Hot weather and ice cream are synonymous with summertime. The sound of the ice cream truck rolling though a neighborhood puts a twinkle in the eye of most people. As I child, I remember my church hosting ice cream socials. There is just something special about that cold and rich confection known as Ice Cream.
Personally, I haven’t met many ice cream flavors I don’t like. There are some I prefer more than others but my sweet tooth will rarely turn down a scoop of ice cream. Some of my favorite ice creams incorporate the flavors of chocolate, caramel or coffee but who can resist a big scoop of vanilla especially on top of cobbler or pie?
Ice cream is typically made from dairy products such as milk and cream, sweetened with sugar and incorporates fruits or other flavors. There are many varieties of ice cream available commercially that utilize non-dairy ingredients or sugar substitutes for people with dietary restrictions. For anyone concerned about what is in your ice cream, why not make your own? It isn’t difficult and you can make any flavor you want.
If you are making your own ice cream, you will need some way to freeze it while incorporating air. This can be done with an ice cream freezer/maker, or by freezing the ingredients and incorporating air in a food processor. I don’t recommend the later method as it requires just the right temperature to keep the ice cream moderately frozen while incorporating the air.
I remember as a child hand cranking the ice cream freezer for what seemed like hours to obtain a bowl of my frozen treat. Luckily, my father didn’t like to crank the freezer either and eventually bought an electric model. This style of freezer utilizes a cylinder with a paddle containing the ingredients that is placed in an ice bath and using salt to maintain a low temperature to freeze the ice cream. The batch is relatively large and will feed several people or a few people that really love ice cream!
I have a small electric kitchen freezer that uses a bowl where you place the brine solution. After preparing your ice cream mixture and chilling it, you fill the frozen bowl and place it in the maker. Flip the switch and in no time at all, you have your frozen dessert.
Today, I’m sharing several recipes with you and two of them require heating the ingredients. Remember that you must chill the mixture completely before putting it into the ice cream maker. Otherwise, your ice cream will not set. In fact, you may want to put the mixture in the freezer and chill it until it’s about to freeze before placing it in the ice cream maker. The other three recipes don’t require cooking but you should still chill all the ingredients after they have been mixed to insure quick setting in the ice cream maker. The peach ice cream contains raw eggs so be aware.
All the recipes today come from Allrecipes.com. There are many other flavors or you can experiment with these as a base to make your own signature ice creams.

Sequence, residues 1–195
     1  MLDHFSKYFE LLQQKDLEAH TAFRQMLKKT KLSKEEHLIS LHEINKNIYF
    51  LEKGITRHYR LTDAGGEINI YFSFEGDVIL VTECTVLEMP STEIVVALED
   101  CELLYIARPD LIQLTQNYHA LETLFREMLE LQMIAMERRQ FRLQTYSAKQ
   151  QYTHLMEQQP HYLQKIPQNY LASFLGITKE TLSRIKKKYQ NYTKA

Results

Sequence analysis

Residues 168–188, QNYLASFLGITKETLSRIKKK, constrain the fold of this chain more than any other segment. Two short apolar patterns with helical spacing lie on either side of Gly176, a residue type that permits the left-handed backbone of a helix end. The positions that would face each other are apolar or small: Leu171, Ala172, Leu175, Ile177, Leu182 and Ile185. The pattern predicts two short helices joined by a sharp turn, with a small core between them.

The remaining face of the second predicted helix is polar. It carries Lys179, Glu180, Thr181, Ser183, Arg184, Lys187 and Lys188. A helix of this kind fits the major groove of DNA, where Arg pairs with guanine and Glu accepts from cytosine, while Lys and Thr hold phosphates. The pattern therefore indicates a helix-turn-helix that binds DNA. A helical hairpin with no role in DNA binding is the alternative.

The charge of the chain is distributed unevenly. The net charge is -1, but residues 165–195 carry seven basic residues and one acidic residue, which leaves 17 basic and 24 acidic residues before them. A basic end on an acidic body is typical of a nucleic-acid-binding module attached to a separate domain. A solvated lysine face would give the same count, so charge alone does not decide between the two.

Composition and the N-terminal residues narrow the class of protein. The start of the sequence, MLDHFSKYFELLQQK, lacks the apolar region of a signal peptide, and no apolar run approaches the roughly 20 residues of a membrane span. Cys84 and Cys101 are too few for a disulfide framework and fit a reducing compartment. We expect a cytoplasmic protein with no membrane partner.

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In a heavy saucepan over medium heat, combine the cream and milk. Place vanilla bean and scrapings in pot and sprinkle in half the sugar. Allow to just come to a boil without scalding. Remove from heat.
While heating the cream, whisk together the egg yolks with the remaining sugar and the vanilla extract. When the cream is ready, temper the egg yolks by pouring a third of the cream mixture into your egg bowl and whisk constantly. Then pour the tempered yolks into the remaining hot cream and return pan to heat until the mixture coats the back of a metal spoon. DO NOT BOIL.
Strain custard and chill until cold. Then pour the mixture into the frozen canister for the ice cream maker and prepare per manufacturer’s instruction.
Combine sugar, milk, salt and cocoa powder in a saucepan over medium heat, stirring constantly. Bring to a simmer. Place the egg yolks in small bowl. Gradually stir in about ½ cup of the hot milk mixture to temper the egg yolks. After mixed, add the egg yolk mixture back to the saucepan. Heat until thickened, but DO NOT BOIL. Remove from the heat and stir in the chocolate pieces until they melt and are incorporated. Pour into a chilled bowl, and refrigerate for about two hours until cold, stirring occasionally.
When the chocolate mixture has completely cooled, stir in the cream and vanilla. Pour into an ice cream maker and freeze per manufacturer’s instructions.
NOTE: this recipe contains raw eggs
In a large bowl, mix together eggs and sugar until smooth; puree peaches in a blender or food processor and stir in 5 cups of puree into the egg mixture. Stir in the cream, half & half, vanilla and salt. Mix well.
Pour mixture into freezer canister of ice cream maker and freeze per manufacturer’s instructions.
Combine all the ingredients in a large bowl and mix until evenly incorporated. Pour mixture into ice cream maker and freeze per manufacturer’s instructions until softly frozen. Transfer ice cream to a lidded container, cover surface with plastic wrap and seal. For best results, ice cream should ripen in the freezer for 2 hours to overnight before serving.
Whisk together milk, instant coffee, sugar, and salt in a large bowl until sugar is dissolved. Stir in the heavy cream, then cover and refrigerate until chilled, at least 2 hours.
Pour the chilled mixture into ice cream maker and freeze per manufacturer’s instructions until it reaches a “soft-serve” consistency. Transfer half of the ice cream to a one or two-quart lidded plastic container. Pour half the caramel sauce over the top, then repeat the layers with the remaining ice cream and caramel. Swirl the caramel into the ice cream using a chopstick or knife. Cover the surface with plastic wrap and seal. For best results, allow ice cream to ripen in the freezer for at least 2 hours or overnight.